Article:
Katie came to Twin Oaks with a common enough name. She had a naming party and we came up with Charlie, which she liked and embraced. But tragically and slightly predictably, her name was quite close to another members name and they were unhappy about the new choice.
Charlie is an accommodating type of person. She did not want an existing member to be inconvenienced by her choice. She switched her name back. Only it was too late. Oh most people stopped calling her Charlie, but not all of them back to Katie. And her name dropped into a free fall. Some members started calling her Olive. Others Cabbage. I joined a few members in calling her Hazel, which had been a naming party second choice. Her close friend 3 decided to restart calling her Quigley. Lori prefers Bamboo.
I talked with Hazel today. She does not want to inconvenience the community by changing her name too quickly. She thinks in a few weeks or perhaps months might take on Hazel, but she might be called all manner of things, for the indefinite future.
If you are interested in new communities starting near NYC or DC then please come to Prospect Park in Brooklyn today (May 11) at 1 PM. Inside this huge park we will be at the Picnic House, look for the balloons. Here is the program and here is the Facebook RSVP. This event is a potluck, so please do bring food.
As a special treat after the event around 5 PM Maya Solovey will sing and play music for about an hour. She is an amazing local performer.
The Point A project is roaring along. There are new economic engines in renewable energy. A workers coop in NYC is seriously talking about becoming income sharing and joining the FEC. And the Point A crew in DC found a very interesting piece of “off market” land in the city, which we just might get donated.
All this and more today in Brooklyn. If you can’t make it you can get more information by writing to firstname.lastname@example.org
Willow had been talking about dumpster diving with Feonix for a couple of days leading up to the Tarrytown NY craft fair and he was excited. There was this slightly odd moment of role reversal in which I had blacked out and sometime after midnight Willow woke me and said “Are you ready to go dumpster diving now?” And while some part of my exhausted body wanted to decline, instead I was propelled by my desire to be a yes for my son. We jumped in the van and headed to White Plains where a Dunkin Donuts of known riches was to be found.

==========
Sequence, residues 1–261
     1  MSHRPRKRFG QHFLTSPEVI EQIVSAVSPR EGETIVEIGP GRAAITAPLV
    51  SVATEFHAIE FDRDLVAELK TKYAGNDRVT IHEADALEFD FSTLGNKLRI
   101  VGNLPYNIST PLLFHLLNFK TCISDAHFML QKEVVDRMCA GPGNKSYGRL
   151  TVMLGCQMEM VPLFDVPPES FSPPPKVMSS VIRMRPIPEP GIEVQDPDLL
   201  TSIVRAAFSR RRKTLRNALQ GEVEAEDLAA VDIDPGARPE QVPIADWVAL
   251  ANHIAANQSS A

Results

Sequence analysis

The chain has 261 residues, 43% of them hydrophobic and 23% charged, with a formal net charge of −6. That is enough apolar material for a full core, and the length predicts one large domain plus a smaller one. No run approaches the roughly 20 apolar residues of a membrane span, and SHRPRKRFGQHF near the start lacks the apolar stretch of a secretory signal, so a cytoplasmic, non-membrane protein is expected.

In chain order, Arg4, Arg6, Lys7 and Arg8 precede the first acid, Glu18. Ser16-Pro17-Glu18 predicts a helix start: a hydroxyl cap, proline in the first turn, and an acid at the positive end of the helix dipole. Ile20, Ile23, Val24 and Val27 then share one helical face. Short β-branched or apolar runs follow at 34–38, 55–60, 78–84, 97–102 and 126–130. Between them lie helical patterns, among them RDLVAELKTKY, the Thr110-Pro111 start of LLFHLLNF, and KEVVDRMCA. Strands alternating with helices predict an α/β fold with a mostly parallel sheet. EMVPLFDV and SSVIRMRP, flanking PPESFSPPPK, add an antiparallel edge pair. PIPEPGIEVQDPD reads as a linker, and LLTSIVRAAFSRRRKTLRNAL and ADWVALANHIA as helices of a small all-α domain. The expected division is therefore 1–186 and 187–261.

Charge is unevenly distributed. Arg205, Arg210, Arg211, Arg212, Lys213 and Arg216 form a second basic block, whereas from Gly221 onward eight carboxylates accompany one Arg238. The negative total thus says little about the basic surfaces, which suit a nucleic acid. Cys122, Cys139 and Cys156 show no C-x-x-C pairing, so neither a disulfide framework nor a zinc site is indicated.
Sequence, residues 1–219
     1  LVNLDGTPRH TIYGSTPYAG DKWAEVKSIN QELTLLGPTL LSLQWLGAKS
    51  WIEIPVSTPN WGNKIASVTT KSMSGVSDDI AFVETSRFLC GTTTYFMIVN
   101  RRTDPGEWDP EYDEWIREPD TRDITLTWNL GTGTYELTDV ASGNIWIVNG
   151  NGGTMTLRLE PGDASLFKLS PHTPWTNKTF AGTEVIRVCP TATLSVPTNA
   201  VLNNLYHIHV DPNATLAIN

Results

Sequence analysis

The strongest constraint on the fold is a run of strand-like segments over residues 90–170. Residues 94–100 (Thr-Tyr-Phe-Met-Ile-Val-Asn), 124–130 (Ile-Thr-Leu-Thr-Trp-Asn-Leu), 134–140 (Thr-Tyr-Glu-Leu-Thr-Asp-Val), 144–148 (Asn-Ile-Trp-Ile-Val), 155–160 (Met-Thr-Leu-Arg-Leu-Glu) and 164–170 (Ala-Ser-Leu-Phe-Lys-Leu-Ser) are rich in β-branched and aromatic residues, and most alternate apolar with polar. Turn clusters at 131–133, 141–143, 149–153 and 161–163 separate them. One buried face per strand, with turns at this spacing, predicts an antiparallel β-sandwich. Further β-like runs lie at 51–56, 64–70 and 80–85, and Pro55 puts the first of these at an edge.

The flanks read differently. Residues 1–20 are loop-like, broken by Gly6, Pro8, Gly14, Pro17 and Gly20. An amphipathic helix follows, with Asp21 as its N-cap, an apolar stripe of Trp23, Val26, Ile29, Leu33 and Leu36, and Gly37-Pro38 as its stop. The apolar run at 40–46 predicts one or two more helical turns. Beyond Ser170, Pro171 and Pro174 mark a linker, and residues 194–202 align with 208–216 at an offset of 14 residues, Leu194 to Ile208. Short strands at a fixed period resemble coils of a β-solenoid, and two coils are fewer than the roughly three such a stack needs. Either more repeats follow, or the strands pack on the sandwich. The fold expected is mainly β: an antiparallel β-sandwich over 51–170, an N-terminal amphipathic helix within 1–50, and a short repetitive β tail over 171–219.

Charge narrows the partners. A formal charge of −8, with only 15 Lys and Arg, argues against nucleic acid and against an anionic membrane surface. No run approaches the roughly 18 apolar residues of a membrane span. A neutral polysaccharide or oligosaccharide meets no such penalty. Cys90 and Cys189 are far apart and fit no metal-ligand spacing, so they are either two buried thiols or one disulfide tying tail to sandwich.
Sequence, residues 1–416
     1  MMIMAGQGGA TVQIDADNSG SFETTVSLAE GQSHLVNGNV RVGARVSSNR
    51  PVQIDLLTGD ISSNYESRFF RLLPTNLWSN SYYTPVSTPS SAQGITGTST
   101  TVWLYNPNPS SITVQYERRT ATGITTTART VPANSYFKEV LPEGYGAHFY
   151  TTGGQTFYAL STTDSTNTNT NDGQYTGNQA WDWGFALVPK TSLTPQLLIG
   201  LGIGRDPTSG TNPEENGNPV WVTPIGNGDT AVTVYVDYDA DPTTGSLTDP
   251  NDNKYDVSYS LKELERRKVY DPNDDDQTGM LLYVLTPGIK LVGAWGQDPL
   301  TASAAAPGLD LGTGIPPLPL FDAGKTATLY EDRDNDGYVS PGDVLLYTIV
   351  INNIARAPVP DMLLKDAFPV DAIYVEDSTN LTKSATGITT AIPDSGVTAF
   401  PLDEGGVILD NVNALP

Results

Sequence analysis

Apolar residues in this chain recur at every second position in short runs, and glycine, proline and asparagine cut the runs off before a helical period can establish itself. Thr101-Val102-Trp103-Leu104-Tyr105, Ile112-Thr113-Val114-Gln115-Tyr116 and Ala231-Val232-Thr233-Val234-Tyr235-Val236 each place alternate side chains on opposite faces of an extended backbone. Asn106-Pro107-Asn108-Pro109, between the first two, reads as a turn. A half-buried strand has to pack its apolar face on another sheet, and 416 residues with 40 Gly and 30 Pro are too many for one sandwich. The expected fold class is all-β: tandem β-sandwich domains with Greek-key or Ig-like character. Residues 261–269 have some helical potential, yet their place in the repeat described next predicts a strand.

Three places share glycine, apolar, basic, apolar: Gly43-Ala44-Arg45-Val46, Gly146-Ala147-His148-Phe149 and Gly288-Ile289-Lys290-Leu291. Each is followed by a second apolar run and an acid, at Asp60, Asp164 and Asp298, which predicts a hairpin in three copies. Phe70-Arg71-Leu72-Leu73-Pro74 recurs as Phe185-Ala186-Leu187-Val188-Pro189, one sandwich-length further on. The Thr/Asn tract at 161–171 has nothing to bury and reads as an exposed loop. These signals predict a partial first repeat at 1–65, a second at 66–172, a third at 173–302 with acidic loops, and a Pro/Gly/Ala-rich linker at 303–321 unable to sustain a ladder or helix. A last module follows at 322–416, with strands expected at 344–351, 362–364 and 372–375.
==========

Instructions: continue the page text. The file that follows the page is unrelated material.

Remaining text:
We pull in realize that we have neglected flashlights and Feonix uses her phones app to light the way. And we have donuts. The world is a better place and Willow is pleased. Later we would get a flashlight app for my phone, but even with the light the Trader Joes dumpster was being staffed way late in the night (actually crazy early in the morning) and the Whole Foods compacter revealed nothing that could be salvaged. As my son snuck from the security cameras in the parking lot I wondered about this aspect of his home schooling.
It is one of my favorite annual rituals, Feonix and Willow and Corb and Hawina and I doing the Tarrytown fair. In part because Feonix always has the new cool thing or three for us to experience. This time it was Bee and PuppyCat. Which has an inspired scene where Bee is in a temp agency and the cruel recruiter turns away from her to take a phone call. When he turns back his bowl of sweets is emptied and Bee says “You took too long. Now your Candy’s gone. That’s what happened. Kapow.” and she disappears thru the door.